Defective products are responsible for thousands of injuries to people every year. In the United States, there are laws regarding product liability that exist specifically to protect consumers. Those laws dictate who is responsible for a defective, or dangerous product, and that the manufacturer and seller have a legal obligation to make public the risks of purchasing / using such product. If victims wanted to seek justice for the defective product, these laws help entitle them to these rights.
This particular law defines a chain of responsibility regarding a dangerous or defective product. If a product is known to cause injury, or even suspected to be injury-causing, this means the product does not meet the utmost standard expectations of a consumer. Many manufacturers pull their products from the market when they have been shown to lead to numerous injuries. One notable example is Samsung with its Galaxy Note 7 smartphone that was released in August of 2016. The device was known to explode and catch fire because of a flaw in its battery. After multiple incidents, the company stopped the sale of the smartphone and even went a step further when owners were still using their handsets. Samsung issued updates that would essentially disrupt the phone so that those users had no choice but to return their devices to exchange them for safe, working smartphones.
There are no federal laws surrounding product liability. Usually, if claims are brought about due to defective products, they are based on state laws and the issues of negligence, strict liability, or breach of warranty are involved in the claims.
A product liability issue is usually brought attention to if the product has been sold in the marketplace. Liability comes into play when certain parties could have foreseen that the product could cause injury to a person who bought it. As a result, there are certain parties who are responsible, or liable, when a product with a defect is sold. The chain of distribution that includes responsible parties may be as follows:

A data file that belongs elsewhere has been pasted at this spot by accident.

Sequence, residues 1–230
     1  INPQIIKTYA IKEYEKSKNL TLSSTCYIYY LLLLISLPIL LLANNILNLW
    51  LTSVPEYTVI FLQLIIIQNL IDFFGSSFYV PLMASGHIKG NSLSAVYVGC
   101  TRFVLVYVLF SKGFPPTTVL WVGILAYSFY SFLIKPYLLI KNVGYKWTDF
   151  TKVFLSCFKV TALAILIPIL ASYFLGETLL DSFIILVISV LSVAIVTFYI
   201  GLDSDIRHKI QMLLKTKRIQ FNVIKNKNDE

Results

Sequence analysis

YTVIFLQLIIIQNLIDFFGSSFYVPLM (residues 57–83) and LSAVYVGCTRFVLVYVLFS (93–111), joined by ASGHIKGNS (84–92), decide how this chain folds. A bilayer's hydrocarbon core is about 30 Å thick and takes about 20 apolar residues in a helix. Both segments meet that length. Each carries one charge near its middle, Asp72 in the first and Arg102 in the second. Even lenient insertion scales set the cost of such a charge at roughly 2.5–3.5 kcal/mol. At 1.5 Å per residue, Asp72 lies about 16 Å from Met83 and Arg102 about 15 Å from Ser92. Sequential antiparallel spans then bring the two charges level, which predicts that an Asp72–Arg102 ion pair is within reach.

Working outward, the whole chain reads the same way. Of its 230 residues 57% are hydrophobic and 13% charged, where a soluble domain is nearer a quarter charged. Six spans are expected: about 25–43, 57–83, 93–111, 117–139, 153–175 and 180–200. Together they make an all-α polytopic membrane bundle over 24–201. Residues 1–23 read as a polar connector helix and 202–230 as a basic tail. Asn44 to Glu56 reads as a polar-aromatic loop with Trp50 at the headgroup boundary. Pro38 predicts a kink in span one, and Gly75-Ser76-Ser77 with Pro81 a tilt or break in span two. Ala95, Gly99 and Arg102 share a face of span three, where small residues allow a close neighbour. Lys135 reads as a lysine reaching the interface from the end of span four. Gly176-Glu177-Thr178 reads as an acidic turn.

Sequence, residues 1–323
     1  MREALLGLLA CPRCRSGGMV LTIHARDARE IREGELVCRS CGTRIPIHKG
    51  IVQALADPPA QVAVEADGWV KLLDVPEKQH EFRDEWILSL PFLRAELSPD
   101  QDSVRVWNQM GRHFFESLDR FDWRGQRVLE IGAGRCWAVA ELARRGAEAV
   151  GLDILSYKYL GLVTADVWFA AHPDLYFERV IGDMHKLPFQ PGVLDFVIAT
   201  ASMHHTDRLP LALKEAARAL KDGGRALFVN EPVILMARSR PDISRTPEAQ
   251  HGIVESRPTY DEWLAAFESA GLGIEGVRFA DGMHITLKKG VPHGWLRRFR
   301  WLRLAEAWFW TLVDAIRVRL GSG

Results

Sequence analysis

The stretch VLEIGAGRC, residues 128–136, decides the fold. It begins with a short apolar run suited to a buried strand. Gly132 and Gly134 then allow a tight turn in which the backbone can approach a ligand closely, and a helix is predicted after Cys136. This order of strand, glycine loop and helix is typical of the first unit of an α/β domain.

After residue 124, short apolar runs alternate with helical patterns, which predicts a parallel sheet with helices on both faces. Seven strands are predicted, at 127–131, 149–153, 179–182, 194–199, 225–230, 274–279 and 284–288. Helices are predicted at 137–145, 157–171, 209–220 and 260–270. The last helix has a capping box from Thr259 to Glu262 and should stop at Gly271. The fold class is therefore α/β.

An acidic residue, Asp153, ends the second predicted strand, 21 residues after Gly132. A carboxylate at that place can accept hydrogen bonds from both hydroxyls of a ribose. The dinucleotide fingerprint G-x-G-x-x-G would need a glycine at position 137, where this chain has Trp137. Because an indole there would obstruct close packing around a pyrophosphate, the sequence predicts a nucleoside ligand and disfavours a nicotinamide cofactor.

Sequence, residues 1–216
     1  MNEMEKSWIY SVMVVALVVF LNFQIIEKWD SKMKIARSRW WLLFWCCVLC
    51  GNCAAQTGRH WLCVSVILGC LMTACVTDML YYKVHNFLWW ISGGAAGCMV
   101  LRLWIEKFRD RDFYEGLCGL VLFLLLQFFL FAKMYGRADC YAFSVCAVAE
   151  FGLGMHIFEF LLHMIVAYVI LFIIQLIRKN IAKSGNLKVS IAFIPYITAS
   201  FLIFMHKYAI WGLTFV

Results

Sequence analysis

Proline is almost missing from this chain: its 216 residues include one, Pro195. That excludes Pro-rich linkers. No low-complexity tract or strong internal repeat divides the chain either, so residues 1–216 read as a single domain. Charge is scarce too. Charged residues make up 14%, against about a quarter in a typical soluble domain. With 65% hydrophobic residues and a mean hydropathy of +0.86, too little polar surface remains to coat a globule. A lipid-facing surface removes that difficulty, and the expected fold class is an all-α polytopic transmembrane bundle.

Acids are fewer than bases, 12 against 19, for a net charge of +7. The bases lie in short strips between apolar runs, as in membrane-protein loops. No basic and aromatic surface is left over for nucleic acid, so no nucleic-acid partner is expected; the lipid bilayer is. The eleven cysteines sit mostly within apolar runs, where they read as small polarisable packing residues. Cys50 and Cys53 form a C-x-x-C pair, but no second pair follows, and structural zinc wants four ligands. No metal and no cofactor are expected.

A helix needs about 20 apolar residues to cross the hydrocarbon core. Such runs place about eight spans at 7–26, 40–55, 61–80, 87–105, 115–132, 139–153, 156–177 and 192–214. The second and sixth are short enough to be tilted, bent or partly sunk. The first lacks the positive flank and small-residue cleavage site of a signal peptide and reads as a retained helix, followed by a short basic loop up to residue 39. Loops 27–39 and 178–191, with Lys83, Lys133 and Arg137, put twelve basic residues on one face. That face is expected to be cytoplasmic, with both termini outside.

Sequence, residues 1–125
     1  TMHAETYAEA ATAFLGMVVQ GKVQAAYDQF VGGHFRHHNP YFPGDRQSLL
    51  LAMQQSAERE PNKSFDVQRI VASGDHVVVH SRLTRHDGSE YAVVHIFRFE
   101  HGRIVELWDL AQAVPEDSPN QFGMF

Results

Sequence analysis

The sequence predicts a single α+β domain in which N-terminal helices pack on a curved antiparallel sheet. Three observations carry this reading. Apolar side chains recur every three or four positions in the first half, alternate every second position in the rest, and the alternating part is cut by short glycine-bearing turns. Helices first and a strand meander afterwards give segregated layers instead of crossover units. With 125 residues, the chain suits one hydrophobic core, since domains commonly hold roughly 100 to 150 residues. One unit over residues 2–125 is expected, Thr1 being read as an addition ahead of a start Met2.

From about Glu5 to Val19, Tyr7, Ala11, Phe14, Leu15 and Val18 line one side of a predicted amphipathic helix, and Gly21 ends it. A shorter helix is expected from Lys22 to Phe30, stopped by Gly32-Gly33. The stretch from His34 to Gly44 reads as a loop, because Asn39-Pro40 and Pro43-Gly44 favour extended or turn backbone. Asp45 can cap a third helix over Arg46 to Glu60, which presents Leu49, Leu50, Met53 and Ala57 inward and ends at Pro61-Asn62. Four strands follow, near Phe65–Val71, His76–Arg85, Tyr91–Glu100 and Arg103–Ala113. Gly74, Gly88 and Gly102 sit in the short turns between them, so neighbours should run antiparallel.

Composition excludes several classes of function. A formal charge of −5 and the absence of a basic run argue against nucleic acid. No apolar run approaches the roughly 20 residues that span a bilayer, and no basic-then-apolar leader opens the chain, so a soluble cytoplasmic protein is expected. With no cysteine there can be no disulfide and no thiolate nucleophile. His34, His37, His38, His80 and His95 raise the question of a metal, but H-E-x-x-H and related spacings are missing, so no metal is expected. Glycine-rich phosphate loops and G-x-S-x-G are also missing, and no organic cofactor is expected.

Strict liability can apply when the product is sold regularly at stores. Although, this does not apply to a person who sells the product at a garage sale.
There are many diverse types of defects a product can contain. In a liability case, it must be proven that a product was defective and led to the plaintiffs' injuries because using the product was dangerous. Generally, there are three types of defects that can cause injury and lead to the manufacturer or supplier being liable. They include the following:
Anyone who is planning on filing a product liability lawsuit should retain an experienced product liability attorney. There are three types of liability lawsuits a person can file after sustaining an injury caused by a defective product. These reasons include the following:
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